Book Review

The Rule of Faith and the Nomina Sacra: A Brief Bibliography

Tomas Bokedal
Tuesday, December 19th 2023
Hexagonal tiles with varying patterns and Greek nomina sacra.
Nov/Dec 2023

Scholarly research on the rule of faith has emphasized three essential, closely related functions for the rule in the early church:

  • It shaped faithful Bible reading by ensuring the Christian community understood the Scriptures as a unified whole, with the Old Testament pointing to the New and the New fulfilling the Old.
  • It summarized the true faith for those baptized and discipled in the name of the Father, the Son, and the Spirit.
  • It grounded the foundation and boundaries of Christian belief in the revealed teachings of Christ passed down through his authorized apostles.

One important takeaway is that the rule of faith and Scripture were seen by the early church fathers (to use German theologian Karlmann Beyschlag’s phrasing) as “two sides of one and the same norm.” The rule of faith isn’t something the church invented to force an orthodox interpretation of the Bible. Rather, the rule is something the Spirit has given the church in the Bible itself so that we may interpret it in an orthodox way. Irenaeus famously compared the words of the Bible to the pieces of a mosaic, where the rule of faith is the key given with the mosaic to show how the pieces fit together to assemble a beautiful picture of our king. Heretics may assemble the same mosaic pieces, but they put them together in unfaithful ways—ignoring the rule—which results in a poor counterfeit image resembling a dog or a fox (Against Heresies, I, 9.4). Indeed, Tertullian and Clement of Alexandria taught that the church’s rule of faith originated directly with Christ himself (Prescription against Heretics 13; 21; 37; Apology 47; Clem. Stromata VII, 16.95).

My own research builds on this foundation, focusing on how we can more deeply appreciate the history and significance of the rule of faith in light of the nomina sacra. The nomina sacra or “sacred names” are contracted forms of key biblical and theological terms that occur in basically all our Greek manuscripts, even the earliest copies—especially the words God, Father, Lord, Jesus, Christ, Son, and Spirit. These nomina sacra visually reveal the connections between the Old and New Testaments, not just in substance but in the very words and storyline they trace. The nomina sacra also draw attention to the core tenets of faith in the Triune God—and they help to demonstrate that this faith isn’t added to apostolic teaching but is given in the very teachings of the apostles themselves as their words have been handed down through the centuries.

There’s much more fruitful research to be done in this area, but the special treatment of these key names and titles (and a few other nomina sacra closely associated with Christ’s work of salvation) argues powerfully for the inseparability of the Christian rule of faith from the biblical, trinitarian, and apostolic character of that faith. Following is a short list of some of that research.

  • Armstrong, Jonathan J. “From the κανὼν τῆς ἀληθείας to the κανὼν τῶν γραφῶν: The Rule of Faith and the New Testament Canon,” in Tradition & the Rule of Faith in the Early Church: Essays in Honor of Joseph T. Lienhard. S.J. Edited by R. Rombs and A. Hwang. Washington, DC: The Catholic University of America Press, 2010.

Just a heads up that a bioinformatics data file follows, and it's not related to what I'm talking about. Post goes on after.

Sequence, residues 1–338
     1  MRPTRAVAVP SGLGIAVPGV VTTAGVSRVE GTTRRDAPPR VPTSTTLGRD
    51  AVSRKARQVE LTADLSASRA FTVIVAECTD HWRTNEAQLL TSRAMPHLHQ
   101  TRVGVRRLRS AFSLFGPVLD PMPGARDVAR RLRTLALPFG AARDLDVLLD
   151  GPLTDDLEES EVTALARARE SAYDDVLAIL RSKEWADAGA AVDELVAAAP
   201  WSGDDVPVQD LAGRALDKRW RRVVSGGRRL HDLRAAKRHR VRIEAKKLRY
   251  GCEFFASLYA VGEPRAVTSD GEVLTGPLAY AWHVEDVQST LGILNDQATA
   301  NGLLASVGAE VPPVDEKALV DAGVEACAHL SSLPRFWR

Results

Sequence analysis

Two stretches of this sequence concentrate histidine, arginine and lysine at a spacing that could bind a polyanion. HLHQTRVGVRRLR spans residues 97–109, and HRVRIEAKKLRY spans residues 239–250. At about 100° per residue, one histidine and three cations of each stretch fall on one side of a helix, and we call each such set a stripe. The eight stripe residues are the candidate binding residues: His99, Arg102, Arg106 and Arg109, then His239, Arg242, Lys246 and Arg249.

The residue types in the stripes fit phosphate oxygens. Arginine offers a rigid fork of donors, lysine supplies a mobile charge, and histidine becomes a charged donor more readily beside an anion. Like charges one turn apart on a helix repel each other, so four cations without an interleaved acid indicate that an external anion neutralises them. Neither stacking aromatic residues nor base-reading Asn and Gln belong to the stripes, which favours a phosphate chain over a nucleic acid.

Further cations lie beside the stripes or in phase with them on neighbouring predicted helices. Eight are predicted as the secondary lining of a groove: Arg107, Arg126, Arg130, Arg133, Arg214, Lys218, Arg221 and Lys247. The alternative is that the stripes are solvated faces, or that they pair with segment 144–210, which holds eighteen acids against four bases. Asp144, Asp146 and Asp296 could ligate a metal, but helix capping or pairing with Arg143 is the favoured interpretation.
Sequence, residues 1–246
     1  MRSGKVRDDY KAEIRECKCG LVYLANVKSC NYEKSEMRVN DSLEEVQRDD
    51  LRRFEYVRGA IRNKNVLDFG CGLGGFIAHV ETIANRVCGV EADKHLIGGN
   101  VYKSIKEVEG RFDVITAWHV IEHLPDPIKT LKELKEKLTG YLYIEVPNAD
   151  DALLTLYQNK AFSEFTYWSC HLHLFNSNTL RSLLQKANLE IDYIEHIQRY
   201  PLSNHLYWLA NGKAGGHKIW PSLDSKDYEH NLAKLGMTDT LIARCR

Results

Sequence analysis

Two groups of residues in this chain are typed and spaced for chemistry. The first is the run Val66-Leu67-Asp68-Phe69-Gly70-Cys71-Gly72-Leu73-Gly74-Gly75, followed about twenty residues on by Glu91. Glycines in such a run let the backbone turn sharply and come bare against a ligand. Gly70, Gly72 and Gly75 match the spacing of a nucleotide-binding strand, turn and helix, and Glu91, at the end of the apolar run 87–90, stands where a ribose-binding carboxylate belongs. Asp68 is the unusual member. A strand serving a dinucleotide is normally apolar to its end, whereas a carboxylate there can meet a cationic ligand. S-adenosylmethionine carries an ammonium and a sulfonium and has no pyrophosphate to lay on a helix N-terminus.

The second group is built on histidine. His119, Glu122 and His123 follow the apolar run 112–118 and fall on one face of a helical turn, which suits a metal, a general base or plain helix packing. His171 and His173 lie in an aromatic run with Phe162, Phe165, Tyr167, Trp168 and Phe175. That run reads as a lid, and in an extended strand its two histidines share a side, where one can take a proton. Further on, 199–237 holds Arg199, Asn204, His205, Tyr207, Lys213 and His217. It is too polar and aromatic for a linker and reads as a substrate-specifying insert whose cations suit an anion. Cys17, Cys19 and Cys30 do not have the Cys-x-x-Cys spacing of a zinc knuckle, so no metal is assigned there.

• Bokedal, Tomas. Christ the Center: How the Rule of Faith, the Nomina Sacra, and Numerical Patterns Shape the Canon. Bellingham, WA: Lexham Academic, 2023.
  • ———. The Formation and Significance of the Christian Biblical Canon: A Study in Text, Ritual and Interpretation. Pages 83–123. London: Bloomsbury T&T Clark, 2014.
  • ———. “Why Is the New Testament Called ‘New Testament’?” Pages 119–48 in Scripture and Theology: Historical and Systematic Perspectives. Edited by T. Bokedal, L. Jansen, and M. Borowski. Berlin: De Gruyter, 2023.
  • Edwards, Mark. Catholicity and Heresy in the Early Church. Farnam, Surrey: Ashgate, 2009.
  • Hurtado, Larry W. The Earliest Christian Artifacts: Manuscripts and Christian Origins. Pages 95–154. Grand Rapids: Eerdmans, 2006.
  • Lawson, John. The Biblical Theology of St. Irenaeus. London: Epworth Press, 1948.
  • Lietzmann, Hans. A History of the Early Church. Vol. 1. 1951. Repr., Cambridge: James Clarke & Co., 1993.
  • Wall, Robert. “Reading the Bible from within Our Traditions.” Pages 88–107 in Between Two Horizons: Spanning New Testament Studies and Systematic Theology. Edited by J. B. Green and M. Turner. Grand Rapid: Eerdmans, 2000.
  • Young, Frances. “Christian Teaching.” Pages 91–104 in The Cambridge History of Early Christian Literature. Edited by F. Young, L. Ayres, and A. Louth. Cambridge: Cambridge University, 2004.
Photo of Tomas Bokedal
Tomas Bokedal
Tomas Bokedal (ThD, Lund University) is associate professor in New Testament and Early Christianity at NLA University College, Norway, and lecturer in New Testament at King’s College, University of Aberdeen, UK. Bokedal’s primary fields of research concern Christian origins and the relation of Scripture and theology.
Tuesday, December 19th 2023

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